References Cited in the le of this patent UNITED STATES PATENTS 2,484,572 Jude Oct. l1, 1949 2,681,796 Rupp .Tune 22, 1954 2,707,526 Gordon May 3, 1955 FOREIGN PATENTS 675,284 Great Britain July 9, 1952

Patent Citations
Cited PatentFiling datePublication dateApplicantTitle
US2484572 *Apr 24, 1947Oct 11, 1949Gen Motors CorpFrozen food plant
US2681796 *Jan 5, 1951Jun 22, 1954Houdaille Hershey CorpRadiant floor heating panel
US2707526 *Apr 27, 1953May 3, 1955Gordon ThomasDehumidifier
GB675284A * Title not available
Referenced by
Citing PatentFiling datePublication dateApplicantTitle
US3326012 *Nov 9, 1965Jun 20, 1967Asker Gunnar C FFog control
US3331303 *Jun 13, 1966Jul 18, 1967Disco Eng IncDraft-free integral door unit
US3362469 *Jan 3, 1966Jan 9, 1968Berner Ind IncAir curtain
US3474721 *Dec 19, 1966Oct 28, 1969Disco Eng IncModular air door construction
US3750622 *Jun 11, 1971Aug 7, 1973A ReppAnti-pollution ventilation system for spray-type coating chambers
US4164901 *Jan 16, 1978Aug 21, 1979American Air Filter Company, Inc.Indoor gun firing range enclosure having a ventilation system
US4516482 *Apr 24, 1984May 14, 1985Smith George RConditioned air vestibule for refrigerated warehouse doorway
US5203175 *Apr 20, 1992Apr 20, 1993Rite-Hite CorporationFor removing from and preventing the formation of vapor condensation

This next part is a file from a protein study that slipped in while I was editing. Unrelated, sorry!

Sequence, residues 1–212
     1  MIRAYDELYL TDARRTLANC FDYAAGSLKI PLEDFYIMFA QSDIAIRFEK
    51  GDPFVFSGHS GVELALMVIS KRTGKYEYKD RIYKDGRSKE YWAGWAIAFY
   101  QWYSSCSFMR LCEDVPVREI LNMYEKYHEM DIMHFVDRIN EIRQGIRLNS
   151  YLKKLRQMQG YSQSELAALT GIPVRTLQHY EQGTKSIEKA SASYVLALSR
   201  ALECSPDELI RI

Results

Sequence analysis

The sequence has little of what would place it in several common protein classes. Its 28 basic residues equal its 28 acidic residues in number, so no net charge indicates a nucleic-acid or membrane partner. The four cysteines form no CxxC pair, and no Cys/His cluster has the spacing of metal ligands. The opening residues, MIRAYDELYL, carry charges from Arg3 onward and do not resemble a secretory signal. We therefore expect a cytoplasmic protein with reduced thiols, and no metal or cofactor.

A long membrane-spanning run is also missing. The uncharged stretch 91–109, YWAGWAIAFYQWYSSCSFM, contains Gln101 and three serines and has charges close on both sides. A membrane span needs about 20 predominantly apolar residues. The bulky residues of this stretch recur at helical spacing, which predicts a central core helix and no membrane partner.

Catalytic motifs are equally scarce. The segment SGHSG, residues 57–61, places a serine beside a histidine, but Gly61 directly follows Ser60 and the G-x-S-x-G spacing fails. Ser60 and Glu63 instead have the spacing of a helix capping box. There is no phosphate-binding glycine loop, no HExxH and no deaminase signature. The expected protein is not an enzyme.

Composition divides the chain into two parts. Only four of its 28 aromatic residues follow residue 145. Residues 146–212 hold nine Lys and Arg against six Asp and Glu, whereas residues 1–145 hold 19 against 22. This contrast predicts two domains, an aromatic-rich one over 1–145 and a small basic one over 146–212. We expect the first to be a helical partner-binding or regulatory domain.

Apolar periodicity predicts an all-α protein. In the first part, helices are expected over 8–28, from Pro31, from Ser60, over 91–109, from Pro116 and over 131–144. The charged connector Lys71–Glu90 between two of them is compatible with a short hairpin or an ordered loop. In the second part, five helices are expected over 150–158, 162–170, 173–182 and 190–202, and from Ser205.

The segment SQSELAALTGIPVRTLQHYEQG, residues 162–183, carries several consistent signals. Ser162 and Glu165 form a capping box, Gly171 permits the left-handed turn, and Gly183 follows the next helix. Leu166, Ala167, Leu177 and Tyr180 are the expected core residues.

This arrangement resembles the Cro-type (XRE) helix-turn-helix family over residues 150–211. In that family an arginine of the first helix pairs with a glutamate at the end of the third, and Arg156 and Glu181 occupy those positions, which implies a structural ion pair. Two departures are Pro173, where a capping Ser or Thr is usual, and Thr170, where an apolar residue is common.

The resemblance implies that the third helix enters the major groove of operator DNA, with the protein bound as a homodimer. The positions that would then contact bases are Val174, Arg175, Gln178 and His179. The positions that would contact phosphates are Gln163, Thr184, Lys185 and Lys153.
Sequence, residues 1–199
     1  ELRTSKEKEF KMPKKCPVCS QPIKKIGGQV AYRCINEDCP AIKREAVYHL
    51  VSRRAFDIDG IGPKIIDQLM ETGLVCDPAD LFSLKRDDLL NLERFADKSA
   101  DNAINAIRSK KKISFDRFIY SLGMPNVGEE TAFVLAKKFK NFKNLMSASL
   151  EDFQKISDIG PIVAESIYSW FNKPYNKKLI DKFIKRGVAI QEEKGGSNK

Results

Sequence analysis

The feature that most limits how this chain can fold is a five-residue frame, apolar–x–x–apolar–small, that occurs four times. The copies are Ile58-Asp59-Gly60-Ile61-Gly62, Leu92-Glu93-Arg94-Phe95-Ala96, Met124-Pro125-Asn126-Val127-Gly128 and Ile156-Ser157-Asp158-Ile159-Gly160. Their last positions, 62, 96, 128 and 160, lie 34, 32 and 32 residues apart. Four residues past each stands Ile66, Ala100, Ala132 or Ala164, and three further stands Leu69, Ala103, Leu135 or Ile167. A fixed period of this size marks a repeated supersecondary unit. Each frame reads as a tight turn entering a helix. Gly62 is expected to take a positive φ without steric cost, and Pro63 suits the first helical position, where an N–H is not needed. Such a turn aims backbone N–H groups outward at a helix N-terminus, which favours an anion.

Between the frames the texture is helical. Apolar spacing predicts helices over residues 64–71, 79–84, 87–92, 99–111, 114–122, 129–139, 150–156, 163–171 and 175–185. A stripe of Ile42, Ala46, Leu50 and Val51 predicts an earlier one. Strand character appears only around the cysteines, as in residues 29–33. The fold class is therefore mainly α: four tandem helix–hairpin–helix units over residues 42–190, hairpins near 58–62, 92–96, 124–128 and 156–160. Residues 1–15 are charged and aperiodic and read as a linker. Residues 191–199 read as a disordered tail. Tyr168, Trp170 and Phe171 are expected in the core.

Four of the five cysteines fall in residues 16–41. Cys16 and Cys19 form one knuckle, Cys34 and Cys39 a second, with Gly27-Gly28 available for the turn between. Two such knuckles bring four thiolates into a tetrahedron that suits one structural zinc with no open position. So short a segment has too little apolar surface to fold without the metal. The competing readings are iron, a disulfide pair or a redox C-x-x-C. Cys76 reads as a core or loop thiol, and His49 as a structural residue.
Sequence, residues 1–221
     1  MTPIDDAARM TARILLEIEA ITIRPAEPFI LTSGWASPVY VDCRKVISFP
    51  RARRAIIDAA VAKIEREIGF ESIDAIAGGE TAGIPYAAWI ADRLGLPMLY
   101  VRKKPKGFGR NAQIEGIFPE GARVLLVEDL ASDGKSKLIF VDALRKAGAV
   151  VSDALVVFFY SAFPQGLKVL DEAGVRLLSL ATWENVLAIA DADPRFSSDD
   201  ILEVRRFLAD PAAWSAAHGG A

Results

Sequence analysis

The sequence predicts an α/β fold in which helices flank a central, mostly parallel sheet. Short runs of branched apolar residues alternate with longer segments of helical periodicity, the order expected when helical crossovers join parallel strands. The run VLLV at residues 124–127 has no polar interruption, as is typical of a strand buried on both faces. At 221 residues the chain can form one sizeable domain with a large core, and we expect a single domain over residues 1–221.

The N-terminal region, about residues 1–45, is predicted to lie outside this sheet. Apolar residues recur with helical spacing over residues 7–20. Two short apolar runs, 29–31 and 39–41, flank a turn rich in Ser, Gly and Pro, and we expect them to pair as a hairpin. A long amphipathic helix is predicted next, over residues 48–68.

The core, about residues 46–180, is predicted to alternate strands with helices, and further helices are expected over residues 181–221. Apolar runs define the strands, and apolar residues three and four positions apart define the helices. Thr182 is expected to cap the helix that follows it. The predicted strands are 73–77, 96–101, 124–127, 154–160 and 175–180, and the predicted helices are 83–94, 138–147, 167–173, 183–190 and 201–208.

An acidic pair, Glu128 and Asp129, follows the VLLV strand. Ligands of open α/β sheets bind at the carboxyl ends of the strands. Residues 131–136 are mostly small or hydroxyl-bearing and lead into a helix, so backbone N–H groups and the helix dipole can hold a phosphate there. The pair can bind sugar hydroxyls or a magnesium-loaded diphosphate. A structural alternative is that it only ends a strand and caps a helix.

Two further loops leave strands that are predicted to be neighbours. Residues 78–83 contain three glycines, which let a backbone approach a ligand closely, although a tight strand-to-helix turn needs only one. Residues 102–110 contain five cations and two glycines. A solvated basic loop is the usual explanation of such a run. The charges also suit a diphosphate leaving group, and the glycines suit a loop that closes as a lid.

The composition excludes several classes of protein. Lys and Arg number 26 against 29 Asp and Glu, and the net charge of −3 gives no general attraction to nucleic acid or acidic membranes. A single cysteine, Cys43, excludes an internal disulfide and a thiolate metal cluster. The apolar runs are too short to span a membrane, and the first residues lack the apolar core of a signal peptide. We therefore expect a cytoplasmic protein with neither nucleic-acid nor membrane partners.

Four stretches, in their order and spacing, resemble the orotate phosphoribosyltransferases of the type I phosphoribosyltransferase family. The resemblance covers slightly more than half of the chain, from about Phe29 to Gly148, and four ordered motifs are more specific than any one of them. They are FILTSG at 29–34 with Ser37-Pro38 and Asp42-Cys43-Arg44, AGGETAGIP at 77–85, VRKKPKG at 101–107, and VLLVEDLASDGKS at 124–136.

US5329781 *Apr 19, 1993Jul 19, 1994Rite-Hite CorporationFrost control system
US6595429Apr 3, 2002Jul 22, 2003Asi Technologies, Inc.Apparatus and method for providing continuous real-time conditioned air curtain
US7819729Mar 2, 2005Oct 26, 2010Asi Technologies, Inc.Air curtain doorway
EP0058782A1 *Feb 24, 1981Sep 1, 1982Stichting Ontwikkeling KoeltechniekCold-storage building
WO1982002934A1 *Feb 24, 1981Sep 2, 1982Stichting Ontwikkeling KoeltecCold-storage building
WO1993021486A1 *Apr 12, 1993Oct 28, 1993Rite Hite CorpFrost control system
WO2006008471A1 *Jul 15, 2005Jan 26, 2006Boc Group PlcVentilator
Classifications
U.S. Classification165/49, 62/256, 454/188, 165/134.1, 62/324.1, 165/45, 62/259.1, 165/56, 237/69
International ClassificationF25D23/02
Cooperative ClassificationF25D23/023
European ClassificationF25D23/02B